Despite its high population growth as well as resources, Africa as a continent still recorded lowest numbers of the manufacturing sector output, something experts say is hampering growth.
Addressing such gaps, experts believe will help boost the sector that currently accounts for only 1.5 percent of the global manufacturing output but noted that this move needs concerted efforts.
“Improving Africa’s manufacturing capability requires a complex array of interventions by multiple stakeholders,” said Johan C. Aurik, Global Managing Partner and Chairman of the Board, A.T. Kearney,USA.
Aurik who was speaking at the world Economic forum on Africa -WEF Africa216 in Kigali on Wednesday said that Africa needs to exploit its scale while increasing more efforts in energy sector.
The three day forum that kicked off on May 11 ran under the theme ‘Connecting Africa’s Resources through Digital Transformation’ has attracted 1,200 delegates from 70 countries across the globe.
“This is a long process, but generating more value addition in agriculture and natural resources could have a significant effect on growth and employment,” he added.
Most certainly, Ally Angula, Co-Founder and Managing Director, Leap Holdings Namibia, says that the continent with its population of 1 billion people and well placed resources needs to move towards manufacturing its own products.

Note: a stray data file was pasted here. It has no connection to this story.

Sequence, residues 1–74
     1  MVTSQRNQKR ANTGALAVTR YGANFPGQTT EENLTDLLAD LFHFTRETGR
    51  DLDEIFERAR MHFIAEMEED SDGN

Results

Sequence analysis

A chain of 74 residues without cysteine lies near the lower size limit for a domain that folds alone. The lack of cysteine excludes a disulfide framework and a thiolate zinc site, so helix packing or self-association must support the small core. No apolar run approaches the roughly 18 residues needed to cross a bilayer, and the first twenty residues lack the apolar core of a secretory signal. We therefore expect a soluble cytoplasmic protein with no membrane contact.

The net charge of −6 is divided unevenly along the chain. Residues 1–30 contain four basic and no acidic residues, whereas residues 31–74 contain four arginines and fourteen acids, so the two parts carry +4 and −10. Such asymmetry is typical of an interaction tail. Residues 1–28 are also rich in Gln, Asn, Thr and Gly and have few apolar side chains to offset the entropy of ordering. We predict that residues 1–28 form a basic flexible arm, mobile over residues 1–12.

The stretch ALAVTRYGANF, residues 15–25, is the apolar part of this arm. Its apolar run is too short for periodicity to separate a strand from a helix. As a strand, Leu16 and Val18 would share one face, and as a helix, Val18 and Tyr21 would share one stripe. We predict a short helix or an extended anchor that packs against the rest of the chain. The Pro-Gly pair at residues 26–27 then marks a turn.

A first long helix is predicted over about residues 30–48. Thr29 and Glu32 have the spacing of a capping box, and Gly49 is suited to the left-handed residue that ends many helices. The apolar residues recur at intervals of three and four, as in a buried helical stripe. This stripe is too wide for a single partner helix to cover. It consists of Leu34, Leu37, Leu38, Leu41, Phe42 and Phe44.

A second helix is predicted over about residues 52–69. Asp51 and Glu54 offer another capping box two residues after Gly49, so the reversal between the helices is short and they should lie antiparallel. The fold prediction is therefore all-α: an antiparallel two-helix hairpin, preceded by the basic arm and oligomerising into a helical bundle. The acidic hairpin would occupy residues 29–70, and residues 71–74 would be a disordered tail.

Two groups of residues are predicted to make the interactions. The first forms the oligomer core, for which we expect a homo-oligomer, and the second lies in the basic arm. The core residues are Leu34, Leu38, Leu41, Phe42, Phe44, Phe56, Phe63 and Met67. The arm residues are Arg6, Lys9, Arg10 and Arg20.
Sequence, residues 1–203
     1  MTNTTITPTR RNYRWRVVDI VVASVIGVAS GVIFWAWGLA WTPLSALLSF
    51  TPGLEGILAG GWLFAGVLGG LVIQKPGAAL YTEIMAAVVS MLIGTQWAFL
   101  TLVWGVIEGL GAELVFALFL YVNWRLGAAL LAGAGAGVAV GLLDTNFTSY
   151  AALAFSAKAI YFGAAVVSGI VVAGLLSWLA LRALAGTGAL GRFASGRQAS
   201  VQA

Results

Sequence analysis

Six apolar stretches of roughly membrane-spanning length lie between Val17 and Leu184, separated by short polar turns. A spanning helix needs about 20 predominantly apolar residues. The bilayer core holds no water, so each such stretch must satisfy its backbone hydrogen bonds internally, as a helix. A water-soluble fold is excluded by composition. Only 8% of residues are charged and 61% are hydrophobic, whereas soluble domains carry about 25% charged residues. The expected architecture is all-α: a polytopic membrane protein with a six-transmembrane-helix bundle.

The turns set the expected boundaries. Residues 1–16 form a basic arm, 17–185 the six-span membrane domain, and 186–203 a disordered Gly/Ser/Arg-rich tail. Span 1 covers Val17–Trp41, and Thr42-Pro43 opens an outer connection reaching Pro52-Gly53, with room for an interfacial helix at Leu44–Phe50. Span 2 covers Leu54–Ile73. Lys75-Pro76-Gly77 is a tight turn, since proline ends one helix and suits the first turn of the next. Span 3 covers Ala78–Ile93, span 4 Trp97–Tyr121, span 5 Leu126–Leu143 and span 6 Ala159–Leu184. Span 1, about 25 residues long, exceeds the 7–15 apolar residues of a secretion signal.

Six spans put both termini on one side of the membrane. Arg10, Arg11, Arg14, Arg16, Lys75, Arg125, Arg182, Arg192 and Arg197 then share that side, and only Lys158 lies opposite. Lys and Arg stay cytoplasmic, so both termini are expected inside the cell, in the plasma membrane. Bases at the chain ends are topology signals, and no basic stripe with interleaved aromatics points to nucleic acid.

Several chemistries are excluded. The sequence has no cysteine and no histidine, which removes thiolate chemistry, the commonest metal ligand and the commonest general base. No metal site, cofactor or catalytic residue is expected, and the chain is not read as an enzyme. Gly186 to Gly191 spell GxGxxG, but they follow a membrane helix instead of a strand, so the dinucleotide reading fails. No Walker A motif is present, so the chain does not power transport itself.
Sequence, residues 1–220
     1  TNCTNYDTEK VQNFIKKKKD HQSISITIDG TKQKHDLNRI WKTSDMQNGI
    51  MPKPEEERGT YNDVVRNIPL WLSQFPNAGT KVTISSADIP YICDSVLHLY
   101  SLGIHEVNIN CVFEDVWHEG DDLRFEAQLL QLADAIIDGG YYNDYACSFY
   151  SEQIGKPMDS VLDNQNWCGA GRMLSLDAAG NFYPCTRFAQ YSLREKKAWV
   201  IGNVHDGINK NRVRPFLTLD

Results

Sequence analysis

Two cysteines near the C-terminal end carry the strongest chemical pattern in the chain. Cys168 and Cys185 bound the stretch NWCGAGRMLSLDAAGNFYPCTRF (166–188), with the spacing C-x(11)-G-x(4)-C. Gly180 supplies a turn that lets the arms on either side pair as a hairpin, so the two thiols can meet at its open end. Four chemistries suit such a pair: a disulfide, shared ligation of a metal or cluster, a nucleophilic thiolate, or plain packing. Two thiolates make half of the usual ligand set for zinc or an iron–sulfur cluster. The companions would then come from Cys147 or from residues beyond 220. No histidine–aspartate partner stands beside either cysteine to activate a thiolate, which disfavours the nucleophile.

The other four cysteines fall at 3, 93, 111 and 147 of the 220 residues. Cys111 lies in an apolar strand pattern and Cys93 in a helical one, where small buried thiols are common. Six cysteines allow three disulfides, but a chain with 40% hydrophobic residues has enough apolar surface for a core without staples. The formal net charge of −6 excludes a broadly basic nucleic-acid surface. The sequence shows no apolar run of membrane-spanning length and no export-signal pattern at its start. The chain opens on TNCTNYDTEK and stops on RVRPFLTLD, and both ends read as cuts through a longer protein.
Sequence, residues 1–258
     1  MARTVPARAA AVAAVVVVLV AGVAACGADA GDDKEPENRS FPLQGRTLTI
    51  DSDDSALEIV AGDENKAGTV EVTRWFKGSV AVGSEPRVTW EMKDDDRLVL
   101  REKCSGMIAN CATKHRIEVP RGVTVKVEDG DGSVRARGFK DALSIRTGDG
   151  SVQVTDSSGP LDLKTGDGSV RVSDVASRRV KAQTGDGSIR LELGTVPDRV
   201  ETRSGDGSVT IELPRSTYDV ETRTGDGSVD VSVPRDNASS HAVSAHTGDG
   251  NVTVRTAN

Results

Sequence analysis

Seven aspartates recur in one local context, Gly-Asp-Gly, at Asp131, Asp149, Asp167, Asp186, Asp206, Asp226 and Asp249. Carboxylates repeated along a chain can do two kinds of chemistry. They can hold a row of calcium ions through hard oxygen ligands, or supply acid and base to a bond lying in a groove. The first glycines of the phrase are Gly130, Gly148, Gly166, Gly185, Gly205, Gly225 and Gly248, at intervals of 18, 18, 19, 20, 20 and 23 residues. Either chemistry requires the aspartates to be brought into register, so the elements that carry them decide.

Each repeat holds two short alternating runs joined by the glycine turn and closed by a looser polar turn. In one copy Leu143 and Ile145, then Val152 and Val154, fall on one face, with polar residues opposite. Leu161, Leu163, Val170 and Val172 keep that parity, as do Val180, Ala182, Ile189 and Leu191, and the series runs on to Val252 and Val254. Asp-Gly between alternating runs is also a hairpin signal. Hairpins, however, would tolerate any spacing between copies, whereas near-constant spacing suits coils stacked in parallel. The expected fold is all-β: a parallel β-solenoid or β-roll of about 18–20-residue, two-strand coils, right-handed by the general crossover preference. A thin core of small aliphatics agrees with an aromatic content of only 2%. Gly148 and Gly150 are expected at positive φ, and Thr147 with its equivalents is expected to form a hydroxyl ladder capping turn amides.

“Africans just need to believe they can manufacture goods themselves because the main opportunity lies in the production of goods for African consumers,” he said
But also, the need for more investment in the education sector to provide skilled labour to the industry sector has emphasized as one of the ways to bolster the sector.
“The labour pool is largely unskilled, which presents challenges for the industrialization of the continent,” said Geoffrey Qhena, Chief Executive Officer, Industrial Development Corporation of South Africa (IDC).
Accordingly, most of the Africa’s strong economies still have low percentages of the manufacturing sector’s contribution to GDP which also shows the need for policy makers to re-strategise.
For example, Kenya has 12 percent, Nigeria 9 percent, Zambia 8 percent and Rwanda 7.6 percent compared to developed economies like China whose sector accounts for 30 percent.